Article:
For federal agencies, the current sequester-related budget crunch is unprecedented. Congress, however, isn’t letting go of one venerable tradition: Paying a year’s congressional salary (currently at a base level of $174,000) as a death benefit to the spouse of a lawmaker who dies in office.
No across-the-board cut here: The fiscal 2014 continuing resolution unveiled yesterday authorizes the full payment to Bonnie Englebardt Lautenberg, widow of the late Sen. Frank Lautenberg, D-N.J.
Frank Lautenberg died in June at age 89. After rising from childhood poverty to lead the Automatic Data Processing payroll management company, Lautenberg was numbered among the Senate’s wealthiest men, with a net worth of at least $57 million, according to his most recent financial disclosure report.
A spokeswoman for the CR’s sponsor, House Appropriations Committee Chairman Hal Rogers, R-Ky., did not respond to emailed questions.
To be clear, Bonnie Lautenberg is not getting special treatment; Congress has been providing this brand of survivor benefit since long before World War II, said Pete Sepp, spokesman for the National Taxpayers Union, a watchdog group.
But it started in the days before members of Congress could get federally subsidized pensions or life insurance, he said. Now, a deceased lawmaker’s surviving spouse can not only receive a payout from the Federal Employees’ Group Life Insurance Program, he or she can receive a survivor’s annuity under the Federal Employees Retirement System, he said.
“It’s hard to kick a widow or widower when they’ve just lost their loved one,” Sepp said when asked his view on whether the benefit should continue. “Still, it wouldn’t be inappropriate to examine whether it’s necessary in light of the other benefits that now exist.”
Linda McAdams Says:
September 12th, 2013 at 7:18 pm
You cannot be serious! After going for three years without pay raises, being treated like the scum of the earth, Congress has the nerve to continue this tradition. I doubt very seriously if the widow or widower needs the money. These representatives are millionaires and to pay out the salary plus the pension and insurance benefits is insulting to the taxpayers and federal employees. My spouse would not receive my salary plus insurance and pension, why on earth would the taxpayers allow this.
September 13th, 2013 at 2:47 pm
One would think she could get by on her $57 million dollar inherritance proves corruption is alive and thriving in congress among its members bet the $174,000 is also tax free.
September 14th, 2013 at 11:39 pm
WOW REALLY? As Linda said, federal employees don’t get that benefit. While I bet that the aides to Congress probably does. I can see providing this benefit for active duty service members, but Congress? They already get so many benefits and are exempted from so many different budget issues, it’s mind boggling. Congress (and their aides) should have their budget and funds under the same accounting codes that federal employees fall under. Really-Congress’ pay come from a separate fund? Not too sure about the retirement pay (if they get paid even after one term)- I hear so many things – that it’s true or not true. They probably get tax free housing allowances and per diem while working in DC. I’m sure that most of them get allowances for traveling back to their state of residence and really – they can travel overseas under the claim that they are “doing research to find out if the countries they visit will do business with business’ in the United States”? Congress needs to seriously look at themselves before slashing the federal budgets of all of the departments.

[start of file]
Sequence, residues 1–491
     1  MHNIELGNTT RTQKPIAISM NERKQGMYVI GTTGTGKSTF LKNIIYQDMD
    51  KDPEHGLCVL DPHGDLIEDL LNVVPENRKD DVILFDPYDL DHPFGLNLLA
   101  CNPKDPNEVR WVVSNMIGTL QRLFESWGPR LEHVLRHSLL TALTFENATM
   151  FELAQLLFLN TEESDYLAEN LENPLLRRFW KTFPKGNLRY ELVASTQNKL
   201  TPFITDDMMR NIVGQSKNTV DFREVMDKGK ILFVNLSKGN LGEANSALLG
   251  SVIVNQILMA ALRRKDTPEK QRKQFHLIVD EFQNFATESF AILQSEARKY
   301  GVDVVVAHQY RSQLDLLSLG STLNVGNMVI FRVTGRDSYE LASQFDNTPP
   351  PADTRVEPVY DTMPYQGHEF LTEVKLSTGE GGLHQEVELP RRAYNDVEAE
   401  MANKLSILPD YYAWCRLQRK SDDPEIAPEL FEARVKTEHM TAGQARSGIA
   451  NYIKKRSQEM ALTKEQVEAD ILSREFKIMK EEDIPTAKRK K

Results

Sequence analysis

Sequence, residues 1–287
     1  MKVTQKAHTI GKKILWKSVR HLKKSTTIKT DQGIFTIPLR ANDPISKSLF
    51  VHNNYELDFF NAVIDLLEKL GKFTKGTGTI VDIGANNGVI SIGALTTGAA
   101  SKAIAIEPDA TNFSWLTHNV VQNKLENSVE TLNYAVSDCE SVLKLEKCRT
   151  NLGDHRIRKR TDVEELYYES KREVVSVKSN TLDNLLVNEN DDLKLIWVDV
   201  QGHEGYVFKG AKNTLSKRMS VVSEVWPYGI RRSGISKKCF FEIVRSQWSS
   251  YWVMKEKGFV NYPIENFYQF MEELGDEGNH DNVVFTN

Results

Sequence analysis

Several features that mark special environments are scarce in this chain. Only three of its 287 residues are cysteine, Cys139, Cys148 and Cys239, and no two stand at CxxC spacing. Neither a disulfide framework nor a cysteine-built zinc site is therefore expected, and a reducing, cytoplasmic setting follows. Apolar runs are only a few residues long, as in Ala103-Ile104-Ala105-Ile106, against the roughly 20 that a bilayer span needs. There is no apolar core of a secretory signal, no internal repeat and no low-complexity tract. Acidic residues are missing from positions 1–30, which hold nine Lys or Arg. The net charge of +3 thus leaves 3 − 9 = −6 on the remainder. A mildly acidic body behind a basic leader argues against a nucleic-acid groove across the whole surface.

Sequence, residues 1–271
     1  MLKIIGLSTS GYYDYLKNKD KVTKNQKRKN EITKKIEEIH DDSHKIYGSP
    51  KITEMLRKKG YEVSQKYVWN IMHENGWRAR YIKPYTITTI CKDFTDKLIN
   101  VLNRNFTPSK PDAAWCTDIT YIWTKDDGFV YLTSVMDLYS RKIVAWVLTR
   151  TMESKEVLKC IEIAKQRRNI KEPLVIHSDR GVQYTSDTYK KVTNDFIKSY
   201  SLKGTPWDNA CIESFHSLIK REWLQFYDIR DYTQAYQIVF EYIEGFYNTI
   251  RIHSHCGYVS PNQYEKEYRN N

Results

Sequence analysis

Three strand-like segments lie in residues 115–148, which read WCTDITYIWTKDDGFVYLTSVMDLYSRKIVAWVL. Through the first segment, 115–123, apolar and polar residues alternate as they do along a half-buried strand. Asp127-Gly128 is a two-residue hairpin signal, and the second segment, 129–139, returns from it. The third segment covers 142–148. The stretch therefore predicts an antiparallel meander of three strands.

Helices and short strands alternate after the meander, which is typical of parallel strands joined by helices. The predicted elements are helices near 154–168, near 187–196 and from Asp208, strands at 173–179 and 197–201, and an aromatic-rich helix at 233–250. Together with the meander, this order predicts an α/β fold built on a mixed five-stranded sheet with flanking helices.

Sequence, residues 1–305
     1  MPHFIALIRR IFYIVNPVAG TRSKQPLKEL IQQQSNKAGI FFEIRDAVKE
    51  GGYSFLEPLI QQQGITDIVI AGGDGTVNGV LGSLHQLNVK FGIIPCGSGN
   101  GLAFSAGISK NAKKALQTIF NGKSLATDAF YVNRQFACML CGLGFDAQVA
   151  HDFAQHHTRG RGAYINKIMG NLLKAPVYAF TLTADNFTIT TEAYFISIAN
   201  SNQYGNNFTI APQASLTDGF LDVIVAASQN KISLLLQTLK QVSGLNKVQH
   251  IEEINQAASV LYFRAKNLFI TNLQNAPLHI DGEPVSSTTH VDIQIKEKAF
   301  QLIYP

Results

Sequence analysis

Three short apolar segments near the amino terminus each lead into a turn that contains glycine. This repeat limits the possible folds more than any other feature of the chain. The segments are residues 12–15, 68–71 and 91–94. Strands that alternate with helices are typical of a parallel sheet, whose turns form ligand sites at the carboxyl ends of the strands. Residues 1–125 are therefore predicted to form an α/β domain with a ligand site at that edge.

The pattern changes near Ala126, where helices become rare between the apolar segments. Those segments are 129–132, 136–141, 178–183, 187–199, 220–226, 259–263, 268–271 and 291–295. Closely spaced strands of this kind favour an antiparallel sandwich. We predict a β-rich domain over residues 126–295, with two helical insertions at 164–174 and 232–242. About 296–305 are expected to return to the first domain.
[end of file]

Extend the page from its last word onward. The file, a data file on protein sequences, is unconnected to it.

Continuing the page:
Gerald Hokanson Says:
September 18th, 2013 at 11:22 am
Paying a year’s congressional salary to the spouse of a lawmaker as a death benefit may be a venerable tradition but with the addition of Federal Employees’ Group Life Insurance Program, and the Federal Employees Retirement System it’s just another piece of pork on the plate.
With everyone (except politicians) being forced to cut back it would seem reasonable to ask our elected representatives and their staff to relinquish a few of the entitlements they have granted themselves.
If they can not justify its necessity to do their job and the average working citizen does not have access to it they should find the courage to eliminate it.